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22

Jan

2005

Finding the School

As I said, we don’t know what we will find at the school or if we can even find what is left of the school or its staff.

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Finally we arrive and are directed to a small house–one of the few structures still standing. Inside we are welcomed by the principal and one of the teachers. We explain that I have come from the States to help rebuild their school and I hand him the drawings from Arbor School children. Clearly these American children have now touched hearts with these people as the principal reads “Help is on the way.”

Over the next hour our volunteers map out a plan of what is needed and begin taking a human inventory of the children’s ages and possible medical needs. One six-year old boy is brought to our medical volunteer because he can’t hear. During the disaster, he slipped from his father’s arms and luckily his father was able to step on him and hold him to the ground under water until one of the waves passed. Somehow he lost his hearing but he is alive. I can’t see to get a smile from him for this photo. Another boy is quite ill having swallowed and inhaled a large amount of sand and seawater. The available medical help so far has not addressed this level of care. Later we meet up with a team of Australian and Danish doctors (accompanied by a Vietnamese monk who runs a monastery in San Jose–I’ll catch up to him later in the States) and direct them to the two boys.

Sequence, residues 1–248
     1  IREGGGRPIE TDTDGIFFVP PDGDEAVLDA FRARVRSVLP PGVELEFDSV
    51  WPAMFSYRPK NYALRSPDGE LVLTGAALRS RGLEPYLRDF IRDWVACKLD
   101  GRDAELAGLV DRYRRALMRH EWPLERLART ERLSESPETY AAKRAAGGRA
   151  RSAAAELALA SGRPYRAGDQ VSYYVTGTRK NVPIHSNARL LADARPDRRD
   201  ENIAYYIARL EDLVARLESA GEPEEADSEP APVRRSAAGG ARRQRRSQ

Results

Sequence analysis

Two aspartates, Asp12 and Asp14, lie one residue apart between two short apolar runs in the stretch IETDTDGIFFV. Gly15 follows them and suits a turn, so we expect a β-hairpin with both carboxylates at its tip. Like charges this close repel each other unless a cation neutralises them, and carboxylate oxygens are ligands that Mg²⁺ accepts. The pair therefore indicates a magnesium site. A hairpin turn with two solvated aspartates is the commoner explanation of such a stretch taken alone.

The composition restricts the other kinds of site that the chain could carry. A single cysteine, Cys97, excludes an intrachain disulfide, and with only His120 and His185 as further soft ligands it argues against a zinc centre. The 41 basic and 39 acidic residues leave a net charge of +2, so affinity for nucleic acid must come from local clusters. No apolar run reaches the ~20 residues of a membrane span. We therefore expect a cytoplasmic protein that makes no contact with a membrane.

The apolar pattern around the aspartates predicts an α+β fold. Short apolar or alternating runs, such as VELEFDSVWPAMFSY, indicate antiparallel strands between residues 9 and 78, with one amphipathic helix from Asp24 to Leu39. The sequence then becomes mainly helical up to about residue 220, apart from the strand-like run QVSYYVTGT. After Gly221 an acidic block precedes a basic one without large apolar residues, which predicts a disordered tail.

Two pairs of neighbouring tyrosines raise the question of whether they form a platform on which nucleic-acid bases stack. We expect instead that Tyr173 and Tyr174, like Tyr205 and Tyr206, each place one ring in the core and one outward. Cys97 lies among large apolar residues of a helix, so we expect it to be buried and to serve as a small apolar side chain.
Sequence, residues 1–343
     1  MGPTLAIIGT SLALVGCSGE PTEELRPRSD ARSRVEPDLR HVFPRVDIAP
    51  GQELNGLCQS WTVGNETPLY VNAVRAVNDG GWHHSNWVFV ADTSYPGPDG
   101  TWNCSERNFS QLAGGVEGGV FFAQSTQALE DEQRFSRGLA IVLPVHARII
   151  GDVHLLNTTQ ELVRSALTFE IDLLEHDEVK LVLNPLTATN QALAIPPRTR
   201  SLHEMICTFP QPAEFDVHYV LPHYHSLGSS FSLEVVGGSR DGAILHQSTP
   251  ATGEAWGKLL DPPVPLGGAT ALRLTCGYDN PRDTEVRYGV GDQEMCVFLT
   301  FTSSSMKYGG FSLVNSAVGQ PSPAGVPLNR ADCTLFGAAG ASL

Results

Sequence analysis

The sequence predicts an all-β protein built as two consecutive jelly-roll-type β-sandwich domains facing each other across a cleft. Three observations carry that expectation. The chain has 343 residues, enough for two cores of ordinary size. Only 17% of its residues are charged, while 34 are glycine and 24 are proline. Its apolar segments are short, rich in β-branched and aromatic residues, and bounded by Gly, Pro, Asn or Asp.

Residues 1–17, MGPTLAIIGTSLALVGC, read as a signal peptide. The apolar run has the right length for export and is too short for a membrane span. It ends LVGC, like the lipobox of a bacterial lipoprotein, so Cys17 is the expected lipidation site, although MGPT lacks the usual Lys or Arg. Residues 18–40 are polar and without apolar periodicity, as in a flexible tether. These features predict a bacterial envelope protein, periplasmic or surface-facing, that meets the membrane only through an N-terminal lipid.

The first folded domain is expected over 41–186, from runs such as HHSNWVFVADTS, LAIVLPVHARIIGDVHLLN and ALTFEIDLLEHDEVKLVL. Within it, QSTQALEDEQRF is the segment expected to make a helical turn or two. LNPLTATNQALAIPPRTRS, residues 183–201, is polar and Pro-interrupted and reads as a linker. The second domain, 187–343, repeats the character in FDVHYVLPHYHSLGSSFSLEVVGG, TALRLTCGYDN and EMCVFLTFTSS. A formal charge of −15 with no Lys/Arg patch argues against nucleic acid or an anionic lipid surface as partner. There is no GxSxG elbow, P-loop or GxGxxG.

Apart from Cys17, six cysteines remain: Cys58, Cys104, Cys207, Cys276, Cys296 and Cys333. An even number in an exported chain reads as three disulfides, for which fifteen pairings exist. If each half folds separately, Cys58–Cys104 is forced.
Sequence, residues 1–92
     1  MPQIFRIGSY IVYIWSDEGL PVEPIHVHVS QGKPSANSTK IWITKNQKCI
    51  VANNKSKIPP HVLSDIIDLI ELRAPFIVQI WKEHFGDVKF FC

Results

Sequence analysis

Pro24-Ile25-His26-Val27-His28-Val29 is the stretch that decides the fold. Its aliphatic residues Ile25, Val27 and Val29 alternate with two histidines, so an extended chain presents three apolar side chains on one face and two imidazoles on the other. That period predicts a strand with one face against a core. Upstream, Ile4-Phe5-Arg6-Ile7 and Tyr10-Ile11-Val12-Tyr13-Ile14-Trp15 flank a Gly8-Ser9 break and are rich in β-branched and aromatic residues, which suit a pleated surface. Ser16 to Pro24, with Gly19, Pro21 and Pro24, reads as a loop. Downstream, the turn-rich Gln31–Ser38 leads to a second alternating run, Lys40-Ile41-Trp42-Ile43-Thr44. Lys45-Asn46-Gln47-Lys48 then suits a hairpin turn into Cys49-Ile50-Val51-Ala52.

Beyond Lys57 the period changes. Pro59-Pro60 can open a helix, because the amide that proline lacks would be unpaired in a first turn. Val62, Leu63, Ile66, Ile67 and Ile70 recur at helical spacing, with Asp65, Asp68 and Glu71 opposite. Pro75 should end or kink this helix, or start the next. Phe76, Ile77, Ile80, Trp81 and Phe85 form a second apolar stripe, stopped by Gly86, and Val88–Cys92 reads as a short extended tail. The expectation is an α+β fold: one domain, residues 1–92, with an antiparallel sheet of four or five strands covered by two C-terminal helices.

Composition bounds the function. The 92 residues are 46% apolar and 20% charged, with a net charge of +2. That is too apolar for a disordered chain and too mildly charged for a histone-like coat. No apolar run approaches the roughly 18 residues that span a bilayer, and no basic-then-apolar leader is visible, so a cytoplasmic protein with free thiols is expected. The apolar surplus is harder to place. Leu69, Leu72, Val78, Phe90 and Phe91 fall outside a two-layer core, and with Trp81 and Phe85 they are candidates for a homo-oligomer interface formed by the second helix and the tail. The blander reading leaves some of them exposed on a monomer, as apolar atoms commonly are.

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After the meeting, I ask the principal to take me for a walk and show me exactly where the school buildings were because I can’t tell. We walk over to a large area of sand about a half mile inland. He says we are standing on the site of the main building. But there is nothing here–I ask again thinking I’ve have missed something in translation. Again I get the same answer and again I ask. Then he shows me this old damaged photo (still wet with smelly sea water) of the old building.

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It is gone–without a trace–no foundation left, no debris of any kind–absolutely nothing!

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He shows me a tree where I can see the red colored leaves some 25 to 30 feet up–this was the high water line. The largest wave took the entire building, the entire library and left behind an eight foot crater of sand as if a building never existed. He says there are about 30 cars and trucks that have also vanished without a trace.

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And of course there are many severely damaged vehicles but their owners cannot be found. We walk over to what looks like part of a foundation–this was the site of a new school building that was supposed to open in January. School started on January 17th under some tarps and tents but there are no books and no school supplies.

Carsten Henningsen